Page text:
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Uganda’s Minister of Energy and Mineral Development Dr Ruth Nankabirwa has pledged that the Government of Uganda will respect the national and international commitments which Uganda is a party including commitments made under the Paris Climate Change Agreement to address climate change, The Ramsar Convention on Wetlands of International Importance, the Convention on Protection of the World Cultural and Natural Heritage sites, Convention on Biological Diversity and others even as her Ministry works to scale up access to renewable energy for all Country men and Women.
The Minister added that the country was also exploring alternative energy resources which Uganda is richly endowed with such as solar and wind.
“ However, these resources remain largely unexploited mainly because Uganda is concentrating on oil and gas developments. In line with aspirations under the Sustainable Development Goals (SDGs) and the Sustainable Energy for All (SEA4ALL) initiative, Uganda is now investing more in other energy sources especially off-grid solar”, she said.
The AG-Country Director of Uganda, Simon Peter Weredwong who also moderated the session commended the Minister for ensuring a conducive policy environment and prayed that the policies should be actioned for Uganda to realize development that will not hurt nature and people.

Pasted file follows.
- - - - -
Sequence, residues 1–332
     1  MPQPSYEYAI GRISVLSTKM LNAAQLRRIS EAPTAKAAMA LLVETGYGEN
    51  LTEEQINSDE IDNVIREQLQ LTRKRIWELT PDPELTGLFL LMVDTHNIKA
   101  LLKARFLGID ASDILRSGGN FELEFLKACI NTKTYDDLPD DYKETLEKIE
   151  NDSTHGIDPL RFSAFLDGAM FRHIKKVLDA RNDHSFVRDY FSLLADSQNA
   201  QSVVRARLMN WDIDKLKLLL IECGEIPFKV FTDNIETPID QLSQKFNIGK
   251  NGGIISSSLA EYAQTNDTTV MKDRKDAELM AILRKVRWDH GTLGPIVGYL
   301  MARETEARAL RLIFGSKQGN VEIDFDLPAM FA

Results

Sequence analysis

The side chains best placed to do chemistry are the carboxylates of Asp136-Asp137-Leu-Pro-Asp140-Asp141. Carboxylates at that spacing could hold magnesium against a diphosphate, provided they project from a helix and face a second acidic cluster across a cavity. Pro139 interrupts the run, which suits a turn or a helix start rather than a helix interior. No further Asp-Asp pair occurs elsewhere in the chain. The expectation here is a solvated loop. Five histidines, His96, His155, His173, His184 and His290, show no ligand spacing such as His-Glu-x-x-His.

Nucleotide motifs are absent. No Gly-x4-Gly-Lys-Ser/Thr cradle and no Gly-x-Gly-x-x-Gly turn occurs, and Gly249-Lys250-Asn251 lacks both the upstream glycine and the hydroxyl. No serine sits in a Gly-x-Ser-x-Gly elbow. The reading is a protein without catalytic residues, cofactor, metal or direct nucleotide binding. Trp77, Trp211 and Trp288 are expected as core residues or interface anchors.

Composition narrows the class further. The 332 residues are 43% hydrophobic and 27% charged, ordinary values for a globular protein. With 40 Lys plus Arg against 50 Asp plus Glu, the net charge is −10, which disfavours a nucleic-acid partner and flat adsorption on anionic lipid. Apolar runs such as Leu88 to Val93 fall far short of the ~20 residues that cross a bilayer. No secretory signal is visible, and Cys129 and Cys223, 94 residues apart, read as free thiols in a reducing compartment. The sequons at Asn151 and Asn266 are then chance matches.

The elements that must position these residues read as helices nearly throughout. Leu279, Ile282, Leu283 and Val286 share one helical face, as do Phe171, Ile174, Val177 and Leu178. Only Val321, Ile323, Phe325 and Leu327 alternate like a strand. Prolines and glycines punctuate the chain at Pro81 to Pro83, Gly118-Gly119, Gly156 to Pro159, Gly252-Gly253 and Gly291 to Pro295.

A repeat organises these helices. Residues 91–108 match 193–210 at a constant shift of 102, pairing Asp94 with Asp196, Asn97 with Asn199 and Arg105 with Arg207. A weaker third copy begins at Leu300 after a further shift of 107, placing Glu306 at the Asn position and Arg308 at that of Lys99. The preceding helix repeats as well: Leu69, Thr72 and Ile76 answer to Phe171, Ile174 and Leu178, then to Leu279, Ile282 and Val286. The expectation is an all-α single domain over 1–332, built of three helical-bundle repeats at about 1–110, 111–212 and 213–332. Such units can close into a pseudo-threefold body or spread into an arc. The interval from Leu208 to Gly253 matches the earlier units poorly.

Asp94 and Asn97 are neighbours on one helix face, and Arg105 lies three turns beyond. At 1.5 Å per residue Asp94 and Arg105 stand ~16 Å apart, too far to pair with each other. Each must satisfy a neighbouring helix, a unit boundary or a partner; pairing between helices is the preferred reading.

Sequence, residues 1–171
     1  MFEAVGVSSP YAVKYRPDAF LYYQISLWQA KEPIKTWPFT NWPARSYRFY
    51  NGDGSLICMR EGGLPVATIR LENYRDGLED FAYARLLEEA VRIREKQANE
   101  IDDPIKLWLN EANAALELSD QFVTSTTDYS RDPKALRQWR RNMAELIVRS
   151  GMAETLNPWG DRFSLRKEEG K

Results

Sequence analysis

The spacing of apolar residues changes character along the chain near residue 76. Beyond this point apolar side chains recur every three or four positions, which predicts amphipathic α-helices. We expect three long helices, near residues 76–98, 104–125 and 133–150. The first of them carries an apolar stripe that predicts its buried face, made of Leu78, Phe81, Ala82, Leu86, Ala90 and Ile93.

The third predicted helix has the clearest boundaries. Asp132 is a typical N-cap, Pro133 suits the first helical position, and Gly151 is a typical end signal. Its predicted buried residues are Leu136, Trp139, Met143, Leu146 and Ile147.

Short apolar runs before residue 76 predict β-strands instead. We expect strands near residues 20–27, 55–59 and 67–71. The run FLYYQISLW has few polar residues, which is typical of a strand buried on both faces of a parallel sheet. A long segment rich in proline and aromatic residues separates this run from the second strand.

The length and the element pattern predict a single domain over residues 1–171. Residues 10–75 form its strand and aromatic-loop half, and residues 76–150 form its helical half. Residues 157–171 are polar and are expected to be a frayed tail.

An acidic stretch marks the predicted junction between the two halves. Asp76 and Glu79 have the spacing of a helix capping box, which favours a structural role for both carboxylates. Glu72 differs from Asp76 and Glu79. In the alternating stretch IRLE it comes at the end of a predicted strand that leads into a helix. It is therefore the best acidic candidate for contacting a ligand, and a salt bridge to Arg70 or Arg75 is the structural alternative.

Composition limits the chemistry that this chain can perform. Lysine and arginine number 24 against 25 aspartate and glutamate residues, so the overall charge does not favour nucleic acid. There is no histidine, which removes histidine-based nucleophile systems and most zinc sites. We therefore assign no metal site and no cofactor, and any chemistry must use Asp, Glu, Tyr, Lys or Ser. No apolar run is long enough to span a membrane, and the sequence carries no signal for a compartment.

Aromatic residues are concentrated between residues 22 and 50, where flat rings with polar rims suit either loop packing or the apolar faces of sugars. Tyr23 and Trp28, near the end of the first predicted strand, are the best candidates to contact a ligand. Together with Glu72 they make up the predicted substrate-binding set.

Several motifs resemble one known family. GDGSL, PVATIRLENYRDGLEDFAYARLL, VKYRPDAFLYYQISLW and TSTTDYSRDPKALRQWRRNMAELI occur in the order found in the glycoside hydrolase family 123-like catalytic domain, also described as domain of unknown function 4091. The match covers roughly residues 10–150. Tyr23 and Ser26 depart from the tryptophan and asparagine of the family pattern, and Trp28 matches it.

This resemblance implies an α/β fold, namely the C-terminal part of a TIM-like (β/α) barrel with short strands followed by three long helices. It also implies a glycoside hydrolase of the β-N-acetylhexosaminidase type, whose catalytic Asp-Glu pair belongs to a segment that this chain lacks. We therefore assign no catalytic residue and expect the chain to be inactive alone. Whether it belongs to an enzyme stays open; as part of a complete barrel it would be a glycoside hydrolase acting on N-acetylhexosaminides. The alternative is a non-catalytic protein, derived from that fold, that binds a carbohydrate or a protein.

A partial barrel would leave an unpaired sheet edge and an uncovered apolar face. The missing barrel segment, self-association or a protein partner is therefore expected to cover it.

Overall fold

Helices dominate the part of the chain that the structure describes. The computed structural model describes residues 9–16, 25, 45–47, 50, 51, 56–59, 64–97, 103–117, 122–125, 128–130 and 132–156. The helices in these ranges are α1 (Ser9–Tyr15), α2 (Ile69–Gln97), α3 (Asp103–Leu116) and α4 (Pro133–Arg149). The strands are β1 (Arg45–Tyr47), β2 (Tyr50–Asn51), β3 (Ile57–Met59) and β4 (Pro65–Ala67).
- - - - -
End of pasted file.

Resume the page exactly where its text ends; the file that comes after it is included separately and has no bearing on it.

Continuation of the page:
Laurent Some, the WWF Africa Director of Policy and partnerships also commended the Minister for being thorough on her route to 100% renewable energy and tasked her and her team to continue bench-marking to ensure that they remain on the right truck.
Uganda approved its NDC in 2016 with a target of 22% GHG emission reduction by 2030, as a commitment to climate change mitigation and alignment to 1.5ºC pathway. One of its mitigation measures is to increase access to RE – targeting 3,200MW electricity generation capacity and 98% RE electricity access by 2030, as highlighted in Uganda’s Nationally Determined Contribution (NDC) and SE4ALL Initiative Action Agenda, respectively. Setting the country on a 100% RE trajectory can accelerate these efforts and also support implementation of the UN’s Sustainable Development Goals. However, a series of policies and measures are required in order for it to be implemented effectively.
RE deployment in Uganda faces a number of challenges: limited public awareness about RE; an inadequate legal and regulatory framework; outdated energy policies; a shortage of trained, local RE professionals; and insufficient data and information for research and monitoring.
Given the fact that Uganda is currently updating its NDCs for the next 5 years and will soon be launching its updated RE policy, 100% RE MAP project that is currently implemented by WWF in Uganda will feed into these existing processes with the aim of realizing an 100% accessible, 100% RE future. Particularly when considering the need for increasing Uganda’s resilience to global crises, RE can provide stable energy access for health facilities, provide green jobs and reduce air pollution.